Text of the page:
Up until now, Trump has mostly played nice with Carson. But since Carson's recent lead over Trump, The Donald has taken his gloves off. And his lowest blow has been about Carson's religion as a Seventh Day Adventist.
The blow: At a Florida rally last weekend, Trump said, “I’m Presbyterian. Boy, that’s down the middle of the road, folks, in all fairness. I mean, Seventh-day Adventist, I don’t know about.”
What Trump did was clever.Without saying it outright, Trump placed the nagging question in the minds of listeners: Is Carson in a cult? Does he have weird beliefs?
So what are Seventh Day Adventists and why is Carson one? The Adventist movement was originally started in the 1800's by William Miller, a farmer turned Bible teacher who thought Jesus would return in his generation. He inspired people to sell their belongings and live with a sense of urgency in Jesus' coming.
While his prediction was obviously wrong, the group remained and learned from the experience what the Bible says: that truly no one knows the day or the hour of Jesus' return. They also adopted a focus on healthy living (many are vegetarians) and on keeping the Sabbath sacred, which they observe on the original Jewish tradition of Saturday.
G. Alexander Bryant, the executive secretary for Seventh-day Adventists of North America, shares with NPR, "It's not just that we worship on the Sabbath; we honor that day as a day of rest. We don't engage in secular activities, we don't work during that time, and we look at that time to be rejuvenated."
And that is something Carson tries to follow too, even while campaigning. Carson said, "Sabbath is still a precious day for us. We go to church as often as we can. Even if we're on the road we treat it as a different day than all the others."
Despite the differences between Adventists and Evangelicals, Bryant says they truly are Christians. "If you know our faith, you can't say we don't have the same beliefs as other Protestants."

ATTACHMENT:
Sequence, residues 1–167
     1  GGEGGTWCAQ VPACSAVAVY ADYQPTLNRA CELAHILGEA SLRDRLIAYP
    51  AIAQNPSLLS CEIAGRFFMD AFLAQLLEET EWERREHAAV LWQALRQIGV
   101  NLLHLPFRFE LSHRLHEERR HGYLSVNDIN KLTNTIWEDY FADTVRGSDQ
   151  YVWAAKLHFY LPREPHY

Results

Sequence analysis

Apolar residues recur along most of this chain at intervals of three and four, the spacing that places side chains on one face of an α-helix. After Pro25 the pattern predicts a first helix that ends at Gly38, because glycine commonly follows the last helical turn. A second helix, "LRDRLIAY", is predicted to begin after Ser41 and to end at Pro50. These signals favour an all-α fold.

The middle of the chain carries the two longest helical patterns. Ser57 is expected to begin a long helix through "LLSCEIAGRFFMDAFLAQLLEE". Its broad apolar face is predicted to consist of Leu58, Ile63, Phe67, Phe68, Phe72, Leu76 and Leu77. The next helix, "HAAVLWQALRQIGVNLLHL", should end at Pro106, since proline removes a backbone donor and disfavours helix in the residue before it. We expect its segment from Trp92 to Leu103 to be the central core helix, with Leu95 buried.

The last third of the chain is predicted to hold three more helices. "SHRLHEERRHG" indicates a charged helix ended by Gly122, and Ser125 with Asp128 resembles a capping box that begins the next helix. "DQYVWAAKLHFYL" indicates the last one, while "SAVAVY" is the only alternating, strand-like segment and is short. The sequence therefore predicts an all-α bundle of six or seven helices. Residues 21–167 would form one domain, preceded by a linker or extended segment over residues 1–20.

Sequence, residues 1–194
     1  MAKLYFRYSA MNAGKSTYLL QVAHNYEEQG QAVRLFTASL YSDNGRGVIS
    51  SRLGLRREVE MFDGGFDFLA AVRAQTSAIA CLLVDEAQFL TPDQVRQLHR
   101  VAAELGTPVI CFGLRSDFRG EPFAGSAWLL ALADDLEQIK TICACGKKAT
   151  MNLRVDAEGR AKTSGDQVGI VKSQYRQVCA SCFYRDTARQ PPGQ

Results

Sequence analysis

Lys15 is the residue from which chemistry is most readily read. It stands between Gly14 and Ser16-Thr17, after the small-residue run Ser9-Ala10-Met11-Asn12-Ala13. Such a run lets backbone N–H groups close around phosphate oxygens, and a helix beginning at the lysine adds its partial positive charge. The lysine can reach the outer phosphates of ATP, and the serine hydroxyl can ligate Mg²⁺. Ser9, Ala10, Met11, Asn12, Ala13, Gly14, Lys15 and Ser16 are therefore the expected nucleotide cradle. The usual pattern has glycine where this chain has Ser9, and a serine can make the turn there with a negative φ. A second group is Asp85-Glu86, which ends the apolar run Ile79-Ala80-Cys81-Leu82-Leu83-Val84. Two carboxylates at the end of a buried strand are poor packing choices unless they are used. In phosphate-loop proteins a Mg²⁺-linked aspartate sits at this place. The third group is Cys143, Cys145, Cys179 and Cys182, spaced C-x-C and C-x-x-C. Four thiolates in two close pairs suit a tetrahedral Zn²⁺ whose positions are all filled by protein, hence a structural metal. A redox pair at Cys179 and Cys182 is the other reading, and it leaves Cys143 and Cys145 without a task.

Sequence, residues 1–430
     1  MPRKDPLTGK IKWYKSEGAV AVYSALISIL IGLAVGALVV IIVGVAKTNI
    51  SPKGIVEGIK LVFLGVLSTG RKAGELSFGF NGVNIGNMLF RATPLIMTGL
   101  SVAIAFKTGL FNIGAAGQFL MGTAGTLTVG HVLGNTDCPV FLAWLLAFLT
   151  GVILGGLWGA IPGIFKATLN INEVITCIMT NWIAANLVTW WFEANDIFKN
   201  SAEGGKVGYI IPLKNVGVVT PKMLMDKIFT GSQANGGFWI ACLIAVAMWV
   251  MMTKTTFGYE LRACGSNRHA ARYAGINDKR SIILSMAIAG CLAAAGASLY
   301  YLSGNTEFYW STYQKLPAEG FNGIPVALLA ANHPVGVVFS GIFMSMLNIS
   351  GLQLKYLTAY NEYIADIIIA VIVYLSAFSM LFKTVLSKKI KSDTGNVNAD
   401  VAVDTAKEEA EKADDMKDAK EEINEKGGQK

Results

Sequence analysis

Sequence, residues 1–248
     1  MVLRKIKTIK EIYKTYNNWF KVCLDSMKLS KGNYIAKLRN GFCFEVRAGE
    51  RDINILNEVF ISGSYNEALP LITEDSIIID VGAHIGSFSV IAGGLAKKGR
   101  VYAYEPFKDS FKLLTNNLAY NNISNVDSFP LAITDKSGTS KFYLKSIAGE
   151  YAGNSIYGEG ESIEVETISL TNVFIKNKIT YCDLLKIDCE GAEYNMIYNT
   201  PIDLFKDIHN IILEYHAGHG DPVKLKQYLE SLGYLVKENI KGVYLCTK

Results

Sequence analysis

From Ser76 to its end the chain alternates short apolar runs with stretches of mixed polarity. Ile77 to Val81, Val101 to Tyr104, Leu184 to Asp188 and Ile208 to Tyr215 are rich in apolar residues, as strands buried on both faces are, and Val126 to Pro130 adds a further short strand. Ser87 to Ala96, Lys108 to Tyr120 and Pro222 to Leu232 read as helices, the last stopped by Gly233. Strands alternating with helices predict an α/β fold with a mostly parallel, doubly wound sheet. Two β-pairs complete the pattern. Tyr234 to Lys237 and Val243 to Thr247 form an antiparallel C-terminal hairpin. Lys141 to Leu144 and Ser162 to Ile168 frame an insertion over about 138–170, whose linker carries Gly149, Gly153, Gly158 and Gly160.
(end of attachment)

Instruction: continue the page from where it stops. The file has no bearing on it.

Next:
Carson became an Adventist following after his mother, who found her faith in a mental ward. A very angry teenager, Carson shares in his autobiography, "Gifted Hands," that he really committed his life to God after he nearly killed a friend in an argument. He prayed God would take his anger away, and He did. “My temper will never control me again,” Carson wrote. “Never again. I’m free.”
Carson has been very vocal about his faith and feeling called to this campaign by God. And to Carson, a personal relationship with God is what is most important. “I spend just as much time in non-Seventh-day Adventist churches because I’m not convinced that the denomination is the most important thing,” the NYTimes reports Carson saying in 1999. “I think it’s the relationship with God that’s most important.”
And despite Trump's best moves, it seems the public is more impressed by Carson's faith. Thomas Kidd, a professor of history and religion at Baylor University in Texas, told the NYTimes, “I think a lot of evangelicals would say they would rather have a practicing Adventist than a nominal Presbyterian who doesn’t seem to have basic theological understanding about Christianity. Even if he’s not an evangelical like us, he’s sort of a friendly fellow traveler in a way that Trump is not.”
What do you think? Does it matter to you that Carson is an Adventist? And do you think that is something Trump should have thrown out there? Let us know your thoughts in the Comments! We love to hear from you!